Archive for December, 2018

December 30, 2018

The prevention of a tackle attempt and Rule wording

We move into 2019 with the FIH Rules Committee once again having failed to grasp the opportunity to put right some major flaws in the Rules of Hockey. Here I take another detailed look at the wording of the present advice and  Obstruction Rule as set out in the UMB and the Rules of Hockey, and point out some simple but, I think, desirable, amendments to clarify them without significantly changing the Rule. All suggestion, even if it might look new and completely alien, is taken from principles which were previously set out in the Obstruction Rule or given as advice to umpires post 1993.

The Umpire Manager’s Briefing for FIH Umpires at FIH Tournaments


∙ Are the players trying to play the ball?
∙ Is there a possibility to play the ball?
Is there active movement to prevent the playing of the ball? (my bold)

Be aware of professional use of the body to illegally block opponents from the ball, as well as players trying to demonstrate obstructions by lifting their sticks dangerously over opponents’ heads

∙ Stick obstruction is a ‘hot issue’ for players. Judge it fairly and correctly and blow only if you are 100% sure

Rules of Hockey 2019 –


9.12 Players must not obstruct an opponent who is attempting to play the ball.  (my bold)

Players obstruct if they:
– back into an opponent
– physically interfere with the stick or body of an opponent
– shield the ball from a legitimate tackle with their stick or any part of their body.

A stationary player receiving the ball is permitted to face in any direction.

A player with the ball is permitted to move off with it in any direction except bodily into an opponent or into a position between the ball and an opponent who is within playing distance of the ball and attempting to play it.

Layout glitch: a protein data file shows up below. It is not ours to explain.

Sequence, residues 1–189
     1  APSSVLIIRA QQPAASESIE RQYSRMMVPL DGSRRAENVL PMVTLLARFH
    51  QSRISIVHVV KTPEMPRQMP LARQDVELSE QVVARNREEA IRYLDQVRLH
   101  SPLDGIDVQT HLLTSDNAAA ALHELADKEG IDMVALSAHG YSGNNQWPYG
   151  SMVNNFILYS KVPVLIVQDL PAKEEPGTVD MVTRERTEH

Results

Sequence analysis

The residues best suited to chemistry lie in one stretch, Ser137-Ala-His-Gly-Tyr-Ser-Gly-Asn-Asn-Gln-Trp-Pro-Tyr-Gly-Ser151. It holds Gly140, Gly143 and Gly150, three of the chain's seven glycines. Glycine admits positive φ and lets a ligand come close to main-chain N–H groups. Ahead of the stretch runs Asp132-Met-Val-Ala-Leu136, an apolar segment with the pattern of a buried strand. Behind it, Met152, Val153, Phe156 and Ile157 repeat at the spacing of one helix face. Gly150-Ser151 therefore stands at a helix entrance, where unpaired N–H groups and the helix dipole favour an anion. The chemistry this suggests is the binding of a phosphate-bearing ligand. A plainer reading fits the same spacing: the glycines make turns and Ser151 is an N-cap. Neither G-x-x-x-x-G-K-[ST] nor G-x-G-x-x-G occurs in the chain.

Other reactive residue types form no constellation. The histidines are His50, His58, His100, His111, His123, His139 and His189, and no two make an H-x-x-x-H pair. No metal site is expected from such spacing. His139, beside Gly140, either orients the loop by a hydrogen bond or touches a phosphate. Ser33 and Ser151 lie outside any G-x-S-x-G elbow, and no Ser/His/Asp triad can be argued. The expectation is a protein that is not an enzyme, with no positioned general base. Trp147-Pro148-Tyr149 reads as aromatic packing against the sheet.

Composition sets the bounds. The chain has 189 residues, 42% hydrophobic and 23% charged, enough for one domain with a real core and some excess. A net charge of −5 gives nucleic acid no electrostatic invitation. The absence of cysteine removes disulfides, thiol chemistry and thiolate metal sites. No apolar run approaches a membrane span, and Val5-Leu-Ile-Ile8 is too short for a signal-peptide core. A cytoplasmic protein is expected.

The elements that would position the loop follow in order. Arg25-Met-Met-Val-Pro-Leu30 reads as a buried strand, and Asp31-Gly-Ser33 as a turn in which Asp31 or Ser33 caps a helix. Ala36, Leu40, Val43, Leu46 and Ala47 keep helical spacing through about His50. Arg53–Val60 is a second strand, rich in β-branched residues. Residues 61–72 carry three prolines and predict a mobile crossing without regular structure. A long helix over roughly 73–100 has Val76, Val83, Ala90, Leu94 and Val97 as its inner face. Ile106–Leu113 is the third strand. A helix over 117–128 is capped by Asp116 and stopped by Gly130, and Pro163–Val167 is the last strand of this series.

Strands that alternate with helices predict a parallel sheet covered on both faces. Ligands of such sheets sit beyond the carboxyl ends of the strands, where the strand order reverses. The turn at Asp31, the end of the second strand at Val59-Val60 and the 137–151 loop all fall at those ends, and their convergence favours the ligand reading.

A player who runs in front of or blocks an opponent to stop them legitimately playing or attempting to play the ball is obstructing (this is third party or shadow obstruction). This also applies if an attacker runs across or blocks defenders (including the goalkeeper) when a penalty corner is being taken.

There are problems of both syntax and semantics in the writing pertaining to the Obstruction Rule in both the advice given in UMB and the instruction given in the rule-book (the distinction between advice and instruction is an important one) and I need to start comment on them by addressing these issues. One issue is ambiguity, the UMB and the Rule Explanation both try to cover obstructive tackling, obstruction by a player in possession of the ball (the most common obstruction offence) and third-party obstruction, without making sufficient distinction between them. The UMB for example, begins:- 

Are the players trying to play the ball?

That cannot reasonably refer to a situation where an obstructing player is in controlled possession of the ball. This is a trivial point and does not make a significant difference to the possible understandings of the question put, if common sense is used, but not all of the ambiguities are trivial.

Is there a possibility to play the ball?

Presumably, the writer means:-  Is a player who might claim (or is claiming) to be obstructed in a position from which he could play at the ball? The UMB, in the advice on tackling, warns umpires against pre-judging where a legal tackle could possibly be made from, so it is acknowledged that this is not always an easy decision to make and a tackler can often attempt to play at the ball from what looks to an umpire to be an impossible position. This seems to me to be a way of denying that an obstructed player is obstructed because he or she might actually somehow be able to play at the ball, even if it looks unlikely that that is the case. It gives a ball shielding player great scope in positioning between an opponent and the ball, I think too much scope in most instances.

Is there active movement to prevent the playing of the ball?

There is a syntax error there, it is not possible to make an inactive movement, movement is an activity. The word “active” is redundant. This minor error is a pity because it spoils the flow of one of the most important pieces of advice in the UMB. An umpire might pause to consider what an active movement is. Is it a movement that is relevant rather than irrelevant?  This sentence is, however, problematical in another way, it gives the impression that the illegal prevention of a tackle attempt, i.e. obstruction, depends entirely on there being a movement to obstruct by the obstructing player, a point I will come back to.

Be aware of professional use of the body to illegally block opponents from the ball,…

That is better in one way (there is no suggestion that movement is necessary for there to be an obstruction offence). But what does “Be aware” mean (penalise?) and why is the word “professional” inserted in the statement? That is an insult to professional players.